Expect to see a growing trend in craft brewing involving one of the world’s most common flowers. While I say “common,” it’s in the sense of proliferation and certainly not of being ordinary.
The hibiscus is native to much of the entire world appearing in temperate, tropical and sub-tropical regions. There are literally hundreds of species of the Malvaceae family to be found in Korea, India, Malaysia, The Philippines, Tahiti, Mexico, Ghana and, of course, Hawaii among many others.
Hibiscus flowers come in myriads of bright colors so gardeners use them in landscaping to attract birds, butterflies and bees. Certain species are also used extensively in paper making, textiles, food coloring and, in some rare occasions, to tan leather.
Beverage-wise, hibiscus has a long history. Traditionally-used as a medicinal tea, its health benefits are many. It has been used for centuries as a diuretic as well as a method of keeping blood pressure in check. Full of vitamin C, hibiscus tea has also been used to treat respiratory ailments. In China and India it’s used for skin and hair treatment. Also loaded with bioflavenoids, hibiscus is ideal for lowering LDL cholesterol.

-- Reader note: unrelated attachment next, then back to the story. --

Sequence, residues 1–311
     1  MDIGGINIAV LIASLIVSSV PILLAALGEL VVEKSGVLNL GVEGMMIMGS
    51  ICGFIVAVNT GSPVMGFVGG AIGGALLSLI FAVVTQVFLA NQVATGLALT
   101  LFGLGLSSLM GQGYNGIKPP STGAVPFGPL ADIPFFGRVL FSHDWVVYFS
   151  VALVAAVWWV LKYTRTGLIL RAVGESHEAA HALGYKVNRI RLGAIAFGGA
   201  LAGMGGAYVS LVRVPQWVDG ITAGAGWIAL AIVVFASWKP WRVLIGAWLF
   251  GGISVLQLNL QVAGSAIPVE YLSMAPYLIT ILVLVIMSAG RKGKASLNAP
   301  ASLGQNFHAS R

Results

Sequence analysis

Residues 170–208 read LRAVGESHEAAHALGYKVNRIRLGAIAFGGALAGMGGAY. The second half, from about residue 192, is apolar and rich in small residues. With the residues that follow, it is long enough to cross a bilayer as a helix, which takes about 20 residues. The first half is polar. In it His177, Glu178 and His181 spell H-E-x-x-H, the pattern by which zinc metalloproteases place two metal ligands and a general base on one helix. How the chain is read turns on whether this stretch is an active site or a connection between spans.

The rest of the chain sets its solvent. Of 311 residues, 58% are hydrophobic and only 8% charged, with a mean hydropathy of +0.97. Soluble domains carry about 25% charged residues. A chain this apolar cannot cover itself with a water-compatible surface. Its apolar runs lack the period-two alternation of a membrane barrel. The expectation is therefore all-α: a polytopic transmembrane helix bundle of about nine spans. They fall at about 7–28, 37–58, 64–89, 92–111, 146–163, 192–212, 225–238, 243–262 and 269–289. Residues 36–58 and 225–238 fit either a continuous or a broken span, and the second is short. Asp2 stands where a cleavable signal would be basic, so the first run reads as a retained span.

Tangy and possessive of a natural sweet flavor, it’s no wonder that the hibiscus flower was put to use in beverages a very long time ago. As far as its utilization as a beer ingredient goes, it’s only recently that brewers have begun to make use of the flower. We can probably infer that because flowers aren’t “manly,” and for the longest time – at least in America – beer has long been associated with the every-day working man, that the two concepts shouldn’t coexist.
There are at least six commercial craft brewers currently infusing their beer with this dynamic member of the mallow family with many others certainly about to jump on board the hibiscus bandwagon. For now, let’s raise a glass and give cheers to those who took the chance first and are championing a whole new look at beer ingredients.
Always a fan of Red Brick Brewing out of Atlanta, I couldn’t wait to give their Hibiscuwit a shot. This Belgian-style witbier comes out a peachy shade of reddish-orange due to the flowers. Cloudy with a very creamy foam cap, it looks spot-on for the style.
With a small hint of musty funk to the nose, Hibiscuwit is citrus-scented with pink peppercorn notes and touches of banana. Flavor-wise, it starts out dusty before giving up orange, slightly under-ripe strawberry, coriander and what I can only describe as a lactobacillus-like tang that’s reminding me of strawberry-banana yogurt. That’s not a bad thing at all! Floral and tart, Hibiscuwit finishes smooth and memorable.
I’m sold on the concept. Healthy, flavorful and interesting, hats off to Red Brick for introducing us to flower power.